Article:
An excerpt from Out of Left Field: Jews and Black Baseball (Oxford University Press, 2011) by Rebecca Alpert, from Chapter Four, The Conflict over Baseball Comedy.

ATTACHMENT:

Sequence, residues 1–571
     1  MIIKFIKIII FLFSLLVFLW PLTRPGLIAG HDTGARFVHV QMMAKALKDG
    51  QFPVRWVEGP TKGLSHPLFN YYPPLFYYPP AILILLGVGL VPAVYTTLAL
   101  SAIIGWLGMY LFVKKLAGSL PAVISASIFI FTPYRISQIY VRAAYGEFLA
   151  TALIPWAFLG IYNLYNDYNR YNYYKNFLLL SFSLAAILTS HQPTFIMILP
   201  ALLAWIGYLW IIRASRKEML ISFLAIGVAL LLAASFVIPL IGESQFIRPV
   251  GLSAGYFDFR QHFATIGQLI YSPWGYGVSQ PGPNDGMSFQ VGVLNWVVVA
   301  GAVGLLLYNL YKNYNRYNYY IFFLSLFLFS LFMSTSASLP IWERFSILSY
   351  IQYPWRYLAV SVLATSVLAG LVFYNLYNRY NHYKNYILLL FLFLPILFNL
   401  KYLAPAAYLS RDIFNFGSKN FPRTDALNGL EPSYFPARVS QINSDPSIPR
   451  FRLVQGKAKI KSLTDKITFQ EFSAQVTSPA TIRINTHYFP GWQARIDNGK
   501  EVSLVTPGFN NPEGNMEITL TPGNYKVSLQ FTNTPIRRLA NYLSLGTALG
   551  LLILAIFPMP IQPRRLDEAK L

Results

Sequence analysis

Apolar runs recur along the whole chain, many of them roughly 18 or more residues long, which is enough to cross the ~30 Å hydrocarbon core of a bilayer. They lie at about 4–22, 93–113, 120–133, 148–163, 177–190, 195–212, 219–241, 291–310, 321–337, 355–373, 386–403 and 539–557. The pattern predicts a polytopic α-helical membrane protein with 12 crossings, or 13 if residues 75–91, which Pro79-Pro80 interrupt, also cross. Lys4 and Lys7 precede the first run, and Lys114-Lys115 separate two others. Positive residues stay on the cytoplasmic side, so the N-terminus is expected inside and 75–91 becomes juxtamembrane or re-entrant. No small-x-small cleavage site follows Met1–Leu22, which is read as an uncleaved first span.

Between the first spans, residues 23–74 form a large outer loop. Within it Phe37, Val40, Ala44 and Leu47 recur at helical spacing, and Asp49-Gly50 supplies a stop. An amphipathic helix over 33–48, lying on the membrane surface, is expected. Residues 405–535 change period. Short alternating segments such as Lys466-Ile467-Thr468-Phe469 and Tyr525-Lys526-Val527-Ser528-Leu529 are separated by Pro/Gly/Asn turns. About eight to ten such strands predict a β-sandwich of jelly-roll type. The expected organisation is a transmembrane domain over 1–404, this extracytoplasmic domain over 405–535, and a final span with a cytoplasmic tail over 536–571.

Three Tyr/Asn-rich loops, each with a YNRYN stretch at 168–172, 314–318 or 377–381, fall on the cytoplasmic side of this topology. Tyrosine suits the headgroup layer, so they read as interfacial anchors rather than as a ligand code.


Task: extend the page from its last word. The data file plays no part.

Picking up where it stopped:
A few independent white baseball teams also clowned and relied on novelty to gain bookings. The best known of these teams was the House of David. The team originated in 1916 within the Israelite House of David messianic Christian group based in Benton Harbor, Michigan. Like the only black Jewish team, the Belleville Grays, the House of David team began as a recreational activity for the community. They played well, and began to send out a touring team in 1919. The colony split in the 1930s, and both groups continued to promote traveling baseball teams, one of which continued through the 1950s. Many members of the community played, but they also welcomed outsiders, including major league baseball stars like Grover Cleveland Alexander and the female star Babe Didrikson, who was a well-known athlete in golf, basketball, and track and field. There were also many imitation House of David teams, including the Havana Cuban House of David organized by Jewish entrepreneur Syd Pollock. The original House of David once tried to take the imposters to court to protect their name, but there were simply too many imitators. Continue Reading →